[UK]‘P.B. Yuill’ Hazell and the Three-card Trick (1977) 161: At last I had Uncle Sidney by the short and curlies.
[UK]J. Sullivan ‘A Losing Streak’ Only Fools and Horses [TV script] I’ve got him by the short n’ curlies.
[US]R. Campbell In La-La Land We Trust (1999) 26: He could call his agent and let her work the angles, but they would mean she’d have him by the shorts forever and ever.
[UK]F. Taylor Auf Wiedersehen Pet Two 318: Dennis had got Ally by the short and curlies all right.
[Ire](con. 1920s) L. Redmond Emerald Square 103: And he had poor Col’ by the big brown ones. If he said he did not know, he would be punished for being stupid.
[Aus]R.G. Barrett Boys from Binjiwunyawunya 15: This Kilby’s got me by the bloody short-and-curlies.
[UK]J. Cameron Vinnie Got Blown Away 54: So we learn French or I’ll have you by the short and curlies.
[UK](con. 1950s) J. Byrne Slab Boys [film script] 116: Naw, what really got you by the short an’ curlies, Mister Carpets, wis the prospect of me [...] goin’ to the Art School, wasn’t it?
[US]J. Lansdale Rumble Tumble 230: Gambling, it’s my vice. You got me by the short hairs on that.
[UK]Guardian Weekend 31 July 53: She got me by the emotional short and curlies.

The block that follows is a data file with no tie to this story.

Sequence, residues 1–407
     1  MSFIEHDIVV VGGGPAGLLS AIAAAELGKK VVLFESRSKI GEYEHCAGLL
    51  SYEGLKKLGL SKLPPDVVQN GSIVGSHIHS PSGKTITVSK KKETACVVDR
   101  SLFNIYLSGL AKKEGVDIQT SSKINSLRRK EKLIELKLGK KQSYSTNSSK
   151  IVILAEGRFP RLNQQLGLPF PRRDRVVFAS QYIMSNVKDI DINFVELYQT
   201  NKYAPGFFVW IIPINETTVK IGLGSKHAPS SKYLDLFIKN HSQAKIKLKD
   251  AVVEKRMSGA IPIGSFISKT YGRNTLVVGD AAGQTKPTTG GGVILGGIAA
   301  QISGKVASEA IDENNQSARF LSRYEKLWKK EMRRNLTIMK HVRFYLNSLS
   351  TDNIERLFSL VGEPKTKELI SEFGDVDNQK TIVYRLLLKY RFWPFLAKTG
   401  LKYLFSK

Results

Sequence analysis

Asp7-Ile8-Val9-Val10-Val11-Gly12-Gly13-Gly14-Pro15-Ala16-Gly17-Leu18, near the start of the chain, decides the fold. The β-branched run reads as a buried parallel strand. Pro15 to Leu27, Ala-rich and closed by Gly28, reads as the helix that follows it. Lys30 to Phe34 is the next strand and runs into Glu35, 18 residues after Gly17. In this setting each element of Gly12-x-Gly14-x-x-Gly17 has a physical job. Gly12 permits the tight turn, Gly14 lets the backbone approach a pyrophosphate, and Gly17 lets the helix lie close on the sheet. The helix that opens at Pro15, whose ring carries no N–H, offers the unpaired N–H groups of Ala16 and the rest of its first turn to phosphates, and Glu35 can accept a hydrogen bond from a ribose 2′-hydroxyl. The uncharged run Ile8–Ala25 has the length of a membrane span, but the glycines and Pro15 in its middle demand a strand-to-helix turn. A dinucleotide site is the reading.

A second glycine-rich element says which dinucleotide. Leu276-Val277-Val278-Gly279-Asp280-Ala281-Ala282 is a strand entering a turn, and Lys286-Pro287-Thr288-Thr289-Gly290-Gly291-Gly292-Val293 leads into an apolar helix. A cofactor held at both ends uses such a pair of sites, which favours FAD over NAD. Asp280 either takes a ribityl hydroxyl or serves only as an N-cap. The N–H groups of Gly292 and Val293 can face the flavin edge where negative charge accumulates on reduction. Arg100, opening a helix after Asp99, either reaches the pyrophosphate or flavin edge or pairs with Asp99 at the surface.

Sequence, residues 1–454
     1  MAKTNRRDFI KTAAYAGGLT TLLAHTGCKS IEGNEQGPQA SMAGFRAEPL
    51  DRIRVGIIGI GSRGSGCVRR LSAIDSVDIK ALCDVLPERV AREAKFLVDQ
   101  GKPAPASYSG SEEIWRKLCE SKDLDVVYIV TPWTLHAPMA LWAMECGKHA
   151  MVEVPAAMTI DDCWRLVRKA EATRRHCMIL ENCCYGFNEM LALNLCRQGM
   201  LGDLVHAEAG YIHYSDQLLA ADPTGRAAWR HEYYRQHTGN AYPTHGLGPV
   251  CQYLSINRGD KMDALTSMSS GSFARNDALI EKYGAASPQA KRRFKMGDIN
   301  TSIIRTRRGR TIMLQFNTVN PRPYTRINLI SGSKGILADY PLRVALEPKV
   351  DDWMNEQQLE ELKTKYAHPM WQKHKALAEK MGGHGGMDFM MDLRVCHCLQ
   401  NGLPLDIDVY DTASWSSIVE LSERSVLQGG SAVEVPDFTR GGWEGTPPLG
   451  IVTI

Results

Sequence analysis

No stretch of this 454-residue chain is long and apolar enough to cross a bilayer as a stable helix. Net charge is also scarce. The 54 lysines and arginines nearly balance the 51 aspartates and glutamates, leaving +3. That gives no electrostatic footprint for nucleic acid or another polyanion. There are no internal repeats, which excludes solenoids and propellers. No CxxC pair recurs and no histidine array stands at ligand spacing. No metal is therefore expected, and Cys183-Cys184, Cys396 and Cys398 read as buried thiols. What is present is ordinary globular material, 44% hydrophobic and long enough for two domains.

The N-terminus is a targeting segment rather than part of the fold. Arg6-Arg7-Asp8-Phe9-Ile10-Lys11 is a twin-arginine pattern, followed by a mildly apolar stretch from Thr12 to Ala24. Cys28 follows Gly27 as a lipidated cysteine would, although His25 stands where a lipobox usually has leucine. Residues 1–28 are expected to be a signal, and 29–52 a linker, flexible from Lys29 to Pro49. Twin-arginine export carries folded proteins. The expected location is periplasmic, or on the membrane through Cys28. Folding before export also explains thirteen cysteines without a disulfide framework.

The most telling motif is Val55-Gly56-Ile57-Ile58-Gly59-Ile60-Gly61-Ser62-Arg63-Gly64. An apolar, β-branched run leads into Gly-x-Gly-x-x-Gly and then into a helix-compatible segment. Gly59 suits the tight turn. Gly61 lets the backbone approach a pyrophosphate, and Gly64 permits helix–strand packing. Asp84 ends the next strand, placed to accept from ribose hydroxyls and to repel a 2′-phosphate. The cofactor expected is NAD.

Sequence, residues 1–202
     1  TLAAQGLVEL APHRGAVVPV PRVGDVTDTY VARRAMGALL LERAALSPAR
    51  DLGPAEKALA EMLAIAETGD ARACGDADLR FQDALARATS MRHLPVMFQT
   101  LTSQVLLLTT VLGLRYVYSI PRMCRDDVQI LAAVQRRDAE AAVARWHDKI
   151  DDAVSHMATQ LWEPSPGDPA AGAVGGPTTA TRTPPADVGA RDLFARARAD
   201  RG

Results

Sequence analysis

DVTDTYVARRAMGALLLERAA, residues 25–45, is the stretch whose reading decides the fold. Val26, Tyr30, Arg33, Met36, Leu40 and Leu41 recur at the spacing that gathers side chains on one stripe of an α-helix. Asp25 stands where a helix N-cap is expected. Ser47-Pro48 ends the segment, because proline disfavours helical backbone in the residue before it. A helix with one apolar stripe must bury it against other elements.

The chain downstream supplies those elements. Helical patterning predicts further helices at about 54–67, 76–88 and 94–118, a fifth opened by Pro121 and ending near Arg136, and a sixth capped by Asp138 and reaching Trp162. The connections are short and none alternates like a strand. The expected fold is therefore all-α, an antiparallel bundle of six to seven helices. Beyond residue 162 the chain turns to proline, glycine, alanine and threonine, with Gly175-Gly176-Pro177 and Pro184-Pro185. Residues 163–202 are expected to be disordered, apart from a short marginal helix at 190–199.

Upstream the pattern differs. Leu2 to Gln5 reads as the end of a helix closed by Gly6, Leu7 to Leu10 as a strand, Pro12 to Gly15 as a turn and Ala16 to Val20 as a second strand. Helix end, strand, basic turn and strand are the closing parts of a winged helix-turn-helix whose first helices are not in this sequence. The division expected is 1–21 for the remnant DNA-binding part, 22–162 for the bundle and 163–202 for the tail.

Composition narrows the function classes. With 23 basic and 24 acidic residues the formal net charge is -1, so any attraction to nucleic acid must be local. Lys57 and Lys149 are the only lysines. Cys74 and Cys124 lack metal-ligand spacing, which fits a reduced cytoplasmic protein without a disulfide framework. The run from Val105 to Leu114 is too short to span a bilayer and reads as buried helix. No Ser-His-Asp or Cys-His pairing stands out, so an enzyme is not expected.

OnLine Dict. of Playground Sl. [Internet] short and curlies n. pubic hairs; i.e. to ‘have someone by the short and curlies’ is to have total power over that person since any on their part move to extricate themselves from the predicament would be certain to cause them immense pain.
[US]C. Hiaasen Skinny Dip 211: He’s got us by the short and curlies [...] I don’t see where there’s any other choice.
[US]N. McCall Them (2008) 134: She got ya by the short hairs, huh?
C. Hammer Scrublands [ebook] ‘I’ve got him by the short and curlies’.

2. (Aus.) to know a subject extremely well.

[US]‘Mark Twain’ Tramp Abroad 193: I’ve got it [the German language] where the hair’s short, I think.
[US]Discover IX 70: You have it [i.e. a theory] by the short and curlies.

3. (US) to annoy.

[US]N. Algren Somebody in Boots 181: What he didn’t like, what got him by the short hairs, was that crack about being a nigger.